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Restorative Practices

Restorative practices are collaborative approaches to building relationships and repairing harm. The process is really about connection, or knowing that you are heard and seen and that you matter.

Based on the core belief that "we are all connected," the broad spectrum of restorative practices supports:

  • Building healthy relationships.
  • Repairing harm when it has impacted a community.
  • Reintegrating those who need to be welcomed back into school communities.

When we feel connected, we are less likely to intentionally cause harm to one another and more likely to be kind, respectful, supportive and collaborative. These conditions are essential for both belonging and learning.

The Jeffco Public Schools Restorative Practices team focuses on a proactive approach to building a positive and welcoming community with all students. Ideally, when we build strong and supportive cultures of belonging in schools, the need for responsive discipline practices decreases. 

Proactive practices can include things like community-building circles and greeting students at the door. A restorative practice can be any practice that upholds one of the “5 Rs”:

  • Relationships
  • Respect
  • Responsibility
  • Repair
  • Reintegration

Jeffco’s vision for restorative practices implementation is that every student, staff member and community member, regardless of race, class, gender, ability, or any other aspect of their identity, feels connected and cared for so that they can engage in authentic learning and growth.

Restorative Discipline

Restorative practices are put in place in response to an incident of harm. When an incident occurs, the restorative practices approach asks questions and seeks resolution and learning through the discipline process This approach seeks to build lagging skills and relationship repair  while considering how to reintegrate individuals back into the community.

When discipline is approached restoratively, we can hold students accountable with logical consequences and continue to strengthen relationships with them. Discipline is done with, rather than to, the student by maintaining high expectations for how they treat each other while also providing a high level of support as they work to change their behavior.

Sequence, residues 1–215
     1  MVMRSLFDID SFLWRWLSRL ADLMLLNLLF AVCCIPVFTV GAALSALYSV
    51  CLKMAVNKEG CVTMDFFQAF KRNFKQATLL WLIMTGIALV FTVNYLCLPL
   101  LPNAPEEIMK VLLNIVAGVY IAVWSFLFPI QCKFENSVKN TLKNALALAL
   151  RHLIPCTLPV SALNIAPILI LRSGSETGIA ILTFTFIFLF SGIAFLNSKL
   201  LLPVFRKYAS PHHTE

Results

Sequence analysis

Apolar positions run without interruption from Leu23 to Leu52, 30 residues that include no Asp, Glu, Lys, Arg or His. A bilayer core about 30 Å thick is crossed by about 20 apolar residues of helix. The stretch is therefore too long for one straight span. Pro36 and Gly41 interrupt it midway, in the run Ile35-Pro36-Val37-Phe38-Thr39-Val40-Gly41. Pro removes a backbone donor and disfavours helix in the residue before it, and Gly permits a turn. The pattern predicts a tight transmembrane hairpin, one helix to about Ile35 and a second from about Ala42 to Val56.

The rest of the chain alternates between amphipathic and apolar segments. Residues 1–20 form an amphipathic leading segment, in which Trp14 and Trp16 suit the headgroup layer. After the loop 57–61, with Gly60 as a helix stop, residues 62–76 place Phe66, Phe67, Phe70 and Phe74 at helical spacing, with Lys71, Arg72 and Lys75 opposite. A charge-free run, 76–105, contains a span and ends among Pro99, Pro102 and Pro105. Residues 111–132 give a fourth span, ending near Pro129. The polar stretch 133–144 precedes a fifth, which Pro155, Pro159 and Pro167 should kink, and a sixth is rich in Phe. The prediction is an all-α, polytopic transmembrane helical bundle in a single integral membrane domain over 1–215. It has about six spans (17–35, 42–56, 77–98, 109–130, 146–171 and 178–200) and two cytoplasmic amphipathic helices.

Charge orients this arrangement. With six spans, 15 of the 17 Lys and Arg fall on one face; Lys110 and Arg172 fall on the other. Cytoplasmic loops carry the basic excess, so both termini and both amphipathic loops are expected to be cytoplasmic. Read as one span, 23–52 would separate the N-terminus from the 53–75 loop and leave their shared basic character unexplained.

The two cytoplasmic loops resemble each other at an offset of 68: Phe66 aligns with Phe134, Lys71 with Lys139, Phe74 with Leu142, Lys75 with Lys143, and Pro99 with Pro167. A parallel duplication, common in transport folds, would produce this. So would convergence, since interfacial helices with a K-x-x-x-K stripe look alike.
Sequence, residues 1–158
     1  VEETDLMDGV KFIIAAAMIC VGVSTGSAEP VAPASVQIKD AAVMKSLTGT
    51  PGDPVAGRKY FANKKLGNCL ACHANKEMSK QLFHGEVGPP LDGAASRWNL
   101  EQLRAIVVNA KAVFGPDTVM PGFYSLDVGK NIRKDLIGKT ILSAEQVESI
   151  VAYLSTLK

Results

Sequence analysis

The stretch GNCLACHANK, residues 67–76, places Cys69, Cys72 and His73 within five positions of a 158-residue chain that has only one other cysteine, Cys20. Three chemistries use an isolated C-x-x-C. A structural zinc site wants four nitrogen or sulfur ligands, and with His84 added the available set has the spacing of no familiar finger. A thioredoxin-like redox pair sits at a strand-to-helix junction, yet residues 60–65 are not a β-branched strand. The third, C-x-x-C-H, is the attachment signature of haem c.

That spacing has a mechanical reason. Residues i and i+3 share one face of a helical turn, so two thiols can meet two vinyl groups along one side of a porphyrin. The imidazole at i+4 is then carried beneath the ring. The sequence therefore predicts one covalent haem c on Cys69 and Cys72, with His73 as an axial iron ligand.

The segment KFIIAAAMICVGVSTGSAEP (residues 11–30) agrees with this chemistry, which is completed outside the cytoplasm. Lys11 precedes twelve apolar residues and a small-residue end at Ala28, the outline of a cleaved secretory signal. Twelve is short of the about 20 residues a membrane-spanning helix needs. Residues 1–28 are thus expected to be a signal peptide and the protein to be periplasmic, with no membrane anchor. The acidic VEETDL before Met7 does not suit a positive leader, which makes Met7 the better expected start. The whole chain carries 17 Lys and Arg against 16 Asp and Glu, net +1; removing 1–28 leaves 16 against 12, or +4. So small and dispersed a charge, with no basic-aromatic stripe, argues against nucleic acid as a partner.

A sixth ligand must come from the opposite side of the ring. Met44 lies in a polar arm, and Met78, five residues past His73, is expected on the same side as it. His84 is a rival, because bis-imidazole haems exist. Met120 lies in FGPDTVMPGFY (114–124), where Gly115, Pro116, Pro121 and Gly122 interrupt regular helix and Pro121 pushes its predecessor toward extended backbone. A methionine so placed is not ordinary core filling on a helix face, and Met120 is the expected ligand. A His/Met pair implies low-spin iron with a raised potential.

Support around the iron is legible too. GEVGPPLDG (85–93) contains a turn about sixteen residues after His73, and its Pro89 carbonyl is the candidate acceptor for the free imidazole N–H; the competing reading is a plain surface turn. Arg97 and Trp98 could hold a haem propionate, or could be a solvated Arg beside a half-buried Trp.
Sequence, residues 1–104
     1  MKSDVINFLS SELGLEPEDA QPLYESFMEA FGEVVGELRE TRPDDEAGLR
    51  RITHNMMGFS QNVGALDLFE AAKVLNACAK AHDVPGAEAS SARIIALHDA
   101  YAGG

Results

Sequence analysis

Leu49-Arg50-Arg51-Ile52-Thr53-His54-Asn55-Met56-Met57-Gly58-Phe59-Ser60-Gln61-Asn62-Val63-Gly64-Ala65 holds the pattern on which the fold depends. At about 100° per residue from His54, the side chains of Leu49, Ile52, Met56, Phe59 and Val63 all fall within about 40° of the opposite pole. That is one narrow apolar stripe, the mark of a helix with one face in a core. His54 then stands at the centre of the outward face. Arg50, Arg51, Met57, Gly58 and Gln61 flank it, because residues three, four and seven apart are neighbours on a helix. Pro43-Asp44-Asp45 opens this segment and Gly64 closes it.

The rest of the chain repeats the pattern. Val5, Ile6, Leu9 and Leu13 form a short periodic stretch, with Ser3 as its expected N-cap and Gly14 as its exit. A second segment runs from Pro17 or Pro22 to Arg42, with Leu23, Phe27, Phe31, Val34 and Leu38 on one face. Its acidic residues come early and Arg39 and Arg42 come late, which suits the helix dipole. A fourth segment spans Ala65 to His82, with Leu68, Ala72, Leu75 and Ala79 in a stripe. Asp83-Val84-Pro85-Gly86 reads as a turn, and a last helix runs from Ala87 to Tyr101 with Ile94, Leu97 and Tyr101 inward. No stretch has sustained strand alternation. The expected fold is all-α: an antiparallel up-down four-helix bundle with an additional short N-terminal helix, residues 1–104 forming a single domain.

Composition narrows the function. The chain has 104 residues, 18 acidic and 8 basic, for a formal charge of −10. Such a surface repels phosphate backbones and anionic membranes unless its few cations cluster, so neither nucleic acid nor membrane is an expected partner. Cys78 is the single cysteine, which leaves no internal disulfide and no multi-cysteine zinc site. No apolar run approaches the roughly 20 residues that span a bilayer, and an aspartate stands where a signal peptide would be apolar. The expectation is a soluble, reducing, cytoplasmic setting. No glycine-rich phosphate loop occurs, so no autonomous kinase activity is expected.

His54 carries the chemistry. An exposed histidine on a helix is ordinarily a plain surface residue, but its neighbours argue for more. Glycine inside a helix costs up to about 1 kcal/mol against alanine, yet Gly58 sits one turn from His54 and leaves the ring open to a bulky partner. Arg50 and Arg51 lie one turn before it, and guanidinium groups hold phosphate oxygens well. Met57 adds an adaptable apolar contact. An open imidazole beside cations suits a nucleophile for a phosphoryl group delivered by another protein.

This restorative approach to teaching and reteaching behavior also allows for an intentional process that gives each incident the individual attention it deserves. The team can listen to student perspectives and, as adults, model taking responsibility for actions. In this “sweet spot” of discipline, team members are far more likely to walk away from a disciplinary conversation feeling like we know students better and have a concrete action plan vs. feeling frustrated.

Restorative Practices at Home

Restorative practices focus on having positive relationships. When students make a mistake or poor choices, they are asked to take responsibility for their behavior and repair the harm. . At the heart of restorative practices is the belief that we are all in this together.

At home, this can include taking responsibility for keeping spaces clean or for the choices a child makes, having positive relationships with family and friends and being respectful of those around us. Restorative practices support children in learning how to create healthy relationships and how to resolve conflicts.

Circles to connect as a family

Helping your child when they are upset

When a family member is upset or overwhelmed, it is usually very hard for them to listen.  This is especially true when they feel like they are being lectured at. To help them calm down move forward, consider using restorative conversations.

Affective Questions

To be used in 1:1 conversations to better understand behavior

Questions to avoid lectures?

Phase 1: Unwind

Validate Feelings

Are you alright?

How are you feeling right now?

What do you need now?

What will make it better?

How can I help?

Phase 2: Rewind

Perspective Building

What happened?

What led up to this?

What were you thinking at the time?

Phase 3: Wind Up

Repair Moving forward

How did you feel when that happened?

How can we make sure this doesn't happen again?

What do you need to see happen now?

What can you do in similar situations?

Graphic that displays text of affective questions that are on page.

Contact Us

Family Response Service Team (FRST)

The Family Response Service Team is the main point of contact for Jeffco families who need help connecting to school and district resources.